Late last year, draft documents obtained by Marijuana Moment showed that the federal Office of Personnel Management was proposing to replace a series of job application forms for prospective workers in a way that would treat past cannabis use much more leniently than under current policy.
The Biden administration instituted a policy in 2021 authorizing waivers to be granted to certain workers who disclose prior marijuana use, but some lawmakers have pushed for additional reform.
For example, Rep. Jamie Raskin (D-MD) said at a congressional hearing on marijuana legalization last year that he intended to file a bill aimed at protecting federal workers from being denied security clearances over marijuana.
The Department of Transportation has reiterated that the workforce it regulates is prohibited from using marijuana and will continue to be tested for THC.
Last year, the nation’s largest union representing federal employees adopted a resolution supporting marijuana legalization and calling for an end to policies that penalize federal workers who use cannabis responsibly while they’re off the clock in states where it is legal.
The director of national intelligence said in 2021 that federal employers shouldn’t outright reject security clearance applicants over past use, and should use discretion when it comes to those with cannabis investments in their stock portfolios.
The FBI also updated its hiring policies that year to make it so candidates are only automatically disqualified from joining the agency if they disclose having used marijuana within one year of applying. Previously, prospective employees could not have used cannabis within the past three years.
The Department of Transportation (DOT) also took a different approach to its cannabis policy in 2020, stating in a notice that it would not be testing drivers for CBD. However, DOT has more recently reiterated that the workforce it regulates is prohibited from using marijuana and will continue to be tested for THC, regardless of state cannabis policy.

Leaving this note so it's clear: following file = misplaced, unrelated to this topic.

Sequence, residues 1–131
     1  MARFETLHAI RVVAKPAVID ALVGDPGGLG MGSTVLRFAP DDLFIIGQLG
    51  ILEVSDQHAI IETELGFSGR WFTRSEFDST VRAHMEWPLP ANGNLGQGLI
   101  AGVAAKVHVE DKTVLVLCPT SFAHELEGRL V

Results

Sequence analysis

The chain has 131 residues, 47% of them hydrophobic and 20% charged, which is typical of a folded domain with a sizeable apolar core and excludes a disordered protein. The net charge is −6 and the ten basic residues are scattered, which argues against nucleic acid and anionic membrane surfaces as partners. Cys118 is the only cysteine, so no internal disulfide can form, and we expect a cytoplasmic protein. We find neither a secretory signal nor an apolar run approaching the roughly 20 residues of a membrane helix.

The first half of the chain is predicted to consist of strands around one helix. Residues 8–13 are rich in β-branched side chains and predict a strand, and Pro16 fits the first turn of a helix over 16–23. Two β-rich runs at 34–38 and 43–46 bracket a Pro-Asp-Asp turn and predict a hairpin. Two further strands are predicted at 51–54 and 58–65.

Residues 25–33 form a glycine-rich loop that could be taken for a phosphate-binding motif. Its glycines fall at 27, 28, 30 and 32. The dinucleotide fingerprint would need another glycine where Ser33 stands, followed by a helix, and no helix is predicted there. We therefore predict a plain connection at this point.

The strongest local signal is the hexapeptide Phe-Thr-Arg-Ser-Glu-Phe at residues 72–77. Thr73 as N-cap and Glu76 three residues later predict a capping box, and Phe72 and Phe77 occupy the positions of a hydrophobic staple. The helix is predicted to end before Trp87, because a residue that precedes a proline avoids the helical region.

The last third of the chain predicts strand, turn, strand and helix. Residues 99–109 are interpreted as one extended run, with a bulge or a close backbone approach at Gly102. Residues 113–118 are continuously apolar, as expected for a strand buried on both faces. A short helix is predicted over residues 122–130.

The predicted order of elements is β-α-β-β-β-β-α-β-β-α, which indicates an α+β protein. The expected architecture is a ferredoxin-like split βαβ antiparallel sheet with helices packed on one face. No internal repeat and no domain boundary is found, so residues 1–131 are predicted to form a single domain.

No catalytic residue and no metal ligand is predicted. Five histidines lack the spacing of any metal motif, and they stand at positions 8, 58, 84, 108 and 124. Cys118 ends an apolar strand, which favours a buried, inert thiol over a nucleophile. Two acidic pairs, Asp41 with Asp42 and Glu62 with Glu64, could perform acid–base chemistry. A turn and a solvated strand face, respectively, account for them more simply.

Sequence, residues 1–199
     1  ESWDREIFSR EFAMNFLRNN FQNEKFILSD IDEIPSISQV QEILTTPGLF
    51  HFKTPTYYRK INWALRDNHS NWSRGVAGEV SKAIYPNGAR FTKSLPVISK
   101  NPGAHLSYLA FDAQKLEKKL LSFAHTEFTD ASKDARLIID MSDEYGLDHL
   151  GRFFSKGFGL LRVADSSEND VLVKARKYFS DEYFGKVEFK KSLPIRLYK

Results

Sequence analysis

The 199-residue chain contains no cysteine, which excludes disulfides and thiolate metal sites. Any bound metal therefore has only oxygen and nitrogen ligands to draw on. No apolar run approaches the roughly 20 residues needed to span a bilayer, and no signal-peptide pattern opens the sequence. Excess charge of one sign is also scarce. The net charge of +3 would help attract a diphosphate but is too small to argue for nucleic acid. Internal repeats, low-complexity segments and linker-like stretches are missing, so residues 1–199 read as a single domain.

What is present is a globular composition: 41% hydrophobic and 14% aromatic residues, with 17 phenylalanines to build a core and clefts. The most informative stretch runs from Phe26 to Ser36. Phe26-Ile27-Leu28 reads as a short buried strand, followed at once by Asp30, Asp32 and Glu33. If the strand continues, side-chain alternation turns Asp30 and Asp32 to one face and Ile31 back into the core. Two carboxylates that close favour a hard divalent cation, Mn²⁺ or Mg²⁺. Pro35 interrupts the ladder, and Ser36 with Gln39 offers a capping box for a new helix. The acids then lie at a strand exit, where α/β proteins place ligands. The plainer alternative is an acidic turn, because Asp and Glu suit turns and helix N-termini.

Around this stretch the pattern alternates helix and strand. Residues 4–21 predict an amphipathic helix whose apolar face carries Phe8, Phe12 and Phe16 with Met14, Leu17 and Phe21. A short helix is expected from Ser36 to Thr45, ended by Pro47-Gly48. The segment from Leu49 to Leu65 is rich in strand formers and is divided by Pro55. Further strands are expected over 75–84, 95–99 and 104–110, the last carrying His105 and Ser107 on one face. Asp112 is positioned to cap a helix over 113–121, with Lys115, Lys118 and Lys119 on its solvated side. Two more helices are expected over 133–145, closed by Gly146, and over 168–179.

Rep. Earl Blumenauer (D-OR) sent a letter to the head of DOT last year, stating that the agency’s policies on drug testing truckers and other commercial drivers for marijuana are unnecessarily costing people their jobs and contributing to supply chain issues.
The Environmental Protection Agency (EPA) also emphasized to its workers that they are prohibited from using marijuana—or directly investing in the industry—no matter the state law or changes in “social norms” around cannabis.
While the Biden administration did institute its waiver policy, it came under fire from advocates following reports that the White House fired or otherwise punished dozens of staffers who were honest about their history with marijuana.
Then-White House Press Secretary Jen Psaki attempted to minimize the fallout, without much success, and her office released a statement in 2021 saying that nobody was fired for “marijuana usage from years ago,” nor terminated “due to casual or infrequent use during the prior 12 months.”
Photograph of Federal Office Building in Seattle by Joe Mabel via Wikimedia Commons/Creative Commons 3.0
This story was originally published by Marijuana Moment, which tracks the politics and policy of cannabis and drugs. Follow Marijuana Moment on Twitter and Facebook, and sign up for its newsletter.